Friday, April 12, 2024

Nigeria’s Okonjo-Iweala among final two shortlisted for WTO top job

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Isaac Kaledzi
Isaac Kaledzi
Isaac Kaledzi is an experienced and award winning journalist from Ghana. He has worked for several media brands both in Ghana and on the International scene. Isaac Kaledzi is currently serving as an African Correspondent for DW.

Nigeria’s Ngozi Okonjo-Iweala has made it to the final stage of the selection process for the top job at the World Trade Organization.

She is the only African left in the race and will now compete with South Korea’s Yoo Myung-hee for the top role.

With the two women the remaining candidates in the race for the WTO job, it is certain the organization will have its first female director general in its 25-year history.

Okonjo-Iweala previously served as Nigeria’s finance minister on two occasions and once as a foreign affairs minister.

She also served as former managing director of the World Bank and as a chairperson at the Global Alliance for Vaccines and Immunization.

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Yoo on the other hand served as South Korea’s trade minister.

During her 25-year career in government, she helped expand her country’s trade network through bilateral accords with the U.S., China and the U.K.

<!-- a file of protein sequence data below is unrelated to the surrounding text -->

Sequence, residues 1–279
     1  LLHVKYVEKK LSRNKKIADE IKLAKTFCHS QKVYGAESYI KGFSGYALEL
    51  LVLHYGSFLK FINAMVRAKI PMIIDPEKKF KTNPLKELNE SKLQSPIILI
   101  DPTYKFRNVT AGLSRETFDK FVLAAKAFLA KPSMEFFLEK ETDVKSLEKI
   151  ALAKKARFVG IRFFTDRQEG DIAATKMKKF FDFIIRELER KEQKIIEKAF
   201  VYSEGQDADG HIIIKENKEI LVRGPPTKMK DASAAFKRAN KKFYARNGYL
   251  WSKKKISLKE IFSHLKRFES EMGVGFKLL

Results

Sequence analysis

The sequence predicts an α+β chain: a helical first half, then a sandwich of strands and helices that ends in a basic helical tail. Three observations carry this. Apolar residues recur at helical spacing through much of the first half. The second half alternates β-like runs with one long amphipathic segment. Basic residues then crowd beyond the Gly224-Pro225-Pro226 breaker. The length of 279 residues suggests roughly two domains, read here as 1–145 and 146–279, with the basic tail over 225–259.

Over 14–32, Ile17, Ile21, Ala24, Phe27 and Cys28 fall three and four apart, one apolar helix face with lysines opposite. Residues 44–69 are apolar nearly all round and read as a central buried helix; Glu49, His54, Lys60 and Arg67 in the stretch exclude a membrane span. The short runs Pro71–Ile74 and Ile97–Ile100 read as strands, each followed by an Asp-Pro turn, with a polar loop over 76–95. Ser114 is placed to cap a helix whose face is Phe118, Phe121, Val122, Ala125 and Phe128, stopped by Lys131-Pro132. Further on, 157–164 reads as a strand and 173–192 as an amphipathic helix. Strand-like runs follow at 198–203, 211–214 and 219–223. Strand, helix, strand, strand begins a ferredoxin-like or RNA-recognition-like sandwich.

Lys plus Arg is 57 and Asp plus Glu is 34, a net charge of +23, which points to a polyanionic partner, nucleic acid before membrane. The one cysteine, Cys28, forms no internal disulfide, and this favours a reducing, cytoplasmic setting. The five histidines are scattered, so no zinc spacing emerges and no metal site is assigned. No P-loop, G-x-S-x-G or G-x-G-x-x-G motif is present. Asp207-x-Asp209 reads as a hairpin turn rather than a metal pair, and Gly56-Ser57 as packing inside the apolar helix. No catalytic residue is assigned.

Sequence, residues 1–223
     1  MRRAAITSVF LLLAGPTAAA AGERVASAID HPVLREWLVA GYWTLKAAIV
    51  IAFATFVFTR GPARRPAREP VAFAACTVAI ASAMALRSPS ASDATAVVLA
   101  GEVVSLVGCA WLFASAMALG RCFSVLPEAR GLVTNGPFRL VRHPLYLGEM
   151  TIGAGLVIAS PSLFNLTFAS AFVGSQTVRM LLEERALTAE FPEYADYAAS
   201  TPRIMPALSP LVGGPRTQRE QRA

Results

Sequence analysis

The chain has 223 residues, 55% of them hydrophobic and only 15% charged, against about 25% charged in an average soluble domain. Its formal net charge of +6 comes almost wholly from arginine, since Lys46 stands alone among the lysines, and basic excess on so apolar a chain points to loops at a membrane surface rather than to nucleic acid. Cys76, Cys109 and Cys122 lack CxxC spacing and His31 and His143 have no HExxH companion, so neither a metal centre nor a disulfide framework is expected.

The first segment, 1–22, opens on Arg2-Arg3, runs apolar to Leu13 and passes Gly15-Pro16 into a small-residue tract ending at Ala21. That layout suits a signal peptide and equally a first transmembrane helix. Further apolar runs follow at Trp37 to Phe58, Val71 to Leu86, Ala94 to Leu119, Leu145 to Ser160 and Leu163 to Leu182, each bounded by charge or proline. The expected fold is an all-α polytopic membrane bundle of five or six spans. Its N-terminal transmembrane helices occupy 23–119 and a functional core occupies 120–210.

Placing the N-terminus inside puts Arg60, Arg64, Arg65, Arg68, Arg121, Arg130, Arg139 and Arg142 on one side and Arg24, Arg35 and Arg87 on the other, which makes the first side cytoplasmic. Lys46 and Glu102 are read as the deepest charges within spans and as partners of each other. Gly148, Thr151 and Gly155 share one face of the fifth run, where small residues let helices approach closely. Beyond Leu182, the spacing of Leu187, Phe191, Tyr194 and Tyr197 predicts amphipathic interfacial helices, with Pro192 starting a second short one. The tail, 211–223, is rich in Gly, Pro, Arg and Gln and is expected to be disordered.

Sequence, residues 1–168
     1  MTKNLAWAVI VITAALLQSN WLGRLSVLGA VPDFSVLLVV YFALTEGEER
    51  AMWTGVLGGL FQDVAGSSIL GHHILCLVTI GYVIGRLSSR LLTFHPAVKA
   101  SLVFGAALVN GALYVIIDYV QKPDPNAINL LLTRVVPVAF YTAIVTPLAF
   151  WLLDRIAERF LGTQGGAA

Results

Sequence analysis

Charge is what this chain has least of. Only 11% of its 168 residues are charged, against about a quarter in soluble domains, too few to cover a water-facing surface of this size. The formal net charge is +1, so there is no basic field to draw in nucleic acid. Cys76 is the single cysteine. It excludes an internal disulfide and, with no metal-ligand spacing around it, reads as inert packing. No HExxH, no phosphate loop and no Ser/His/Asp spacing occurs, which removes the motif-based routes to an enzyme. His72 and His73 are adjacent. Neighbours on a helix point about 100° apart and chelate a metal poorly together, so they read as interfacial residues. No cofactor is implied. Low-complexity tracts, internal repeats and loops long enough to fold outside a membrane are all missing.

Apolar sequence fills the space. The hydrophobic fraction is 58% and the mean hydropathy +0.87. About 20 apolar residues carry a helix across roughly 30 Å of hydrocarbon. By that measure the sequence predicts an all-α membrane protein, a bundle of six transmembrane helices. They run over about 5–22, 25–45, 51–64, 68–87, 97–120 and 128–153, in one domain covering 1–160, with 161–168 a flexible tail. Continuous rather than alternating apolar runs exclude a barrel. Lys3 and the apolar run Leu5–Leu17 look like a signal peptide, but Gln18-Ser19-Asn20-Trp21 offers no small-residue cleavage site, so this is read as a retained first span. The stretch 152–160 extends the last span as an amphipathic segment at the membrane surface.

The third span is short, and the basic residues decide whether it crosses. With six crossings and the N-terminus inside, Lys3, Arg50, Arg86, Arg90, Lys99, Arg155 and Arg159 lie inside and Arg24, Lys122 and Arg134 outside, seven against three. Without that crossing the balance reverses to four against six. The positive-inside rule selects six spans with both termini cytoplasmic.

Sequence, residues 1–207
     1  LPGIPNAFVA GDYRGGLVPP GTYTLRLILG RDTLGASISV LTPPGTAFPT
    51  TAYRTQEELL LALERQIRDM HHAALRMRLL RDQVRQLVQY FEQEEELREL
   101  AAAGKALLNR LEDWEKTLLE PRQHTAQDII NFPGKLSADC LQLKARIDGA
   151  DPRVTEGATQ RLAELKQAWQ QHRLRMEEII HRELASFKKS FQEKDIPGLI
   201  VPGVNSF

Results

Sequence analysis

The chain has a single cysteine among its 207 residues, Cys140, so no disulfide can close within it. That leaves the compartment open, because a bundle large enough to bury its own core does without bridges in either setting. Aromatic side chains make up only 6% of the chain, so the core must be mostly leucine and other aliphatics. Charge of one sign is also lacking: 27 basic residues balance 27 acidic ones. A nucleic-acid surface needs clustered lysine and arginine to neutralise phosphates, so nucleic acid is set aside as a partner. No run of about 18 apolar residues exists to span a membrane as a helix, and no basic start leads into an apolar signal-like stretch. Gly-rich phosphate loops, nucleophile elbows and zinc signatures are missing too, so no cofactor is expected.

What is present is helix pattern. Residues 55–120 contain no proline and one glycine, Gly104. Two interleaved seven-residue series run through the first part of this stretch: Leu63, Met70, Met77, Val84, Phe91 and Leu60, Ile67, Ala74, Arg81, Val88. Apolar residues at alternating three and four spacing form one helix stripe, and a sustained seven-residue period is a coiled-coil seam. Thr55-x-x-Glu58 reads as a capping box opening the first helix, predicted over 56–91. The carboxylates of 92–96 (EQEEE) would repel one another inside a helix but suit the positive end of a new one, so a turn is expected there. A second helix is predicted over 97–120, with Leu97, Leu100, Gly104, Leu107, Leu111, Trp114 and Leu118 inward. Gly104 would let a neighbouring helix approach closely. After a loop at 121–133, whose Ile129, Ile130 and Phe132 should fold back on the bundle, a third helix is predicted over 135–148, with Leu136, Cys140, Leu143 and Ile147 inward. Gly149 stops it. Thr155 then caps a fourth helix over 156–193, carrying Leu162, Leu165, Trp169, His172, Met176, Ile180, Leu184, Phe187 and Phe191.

Yoo Myung-hee. Photographer: Jean Chung/Bloomberg

At the start of the process Africa had three of the eight candidates vying for the top job.

Many African diplomats are pushing for an African to be at the helm of one of the world’s top economic institutions.

No African has held the top job at the World Bank and the International Monetary Fund, making the push for an African to occupy an equivalent position crucial for the continent.

The WTO sets the rules for global trade and adjudicates in trade disputes between nations.

It is also, according to its website, supposed to “open trade for the benefit of all”.

The leader of the Geneva-based organisation attends G7 and G20 meeting and can broker disputes between world leaders.

The next leader of the WTO is expected to take office in November this year.

The third and final phase of the consultation process will begin later this month and run until Nov. 6.


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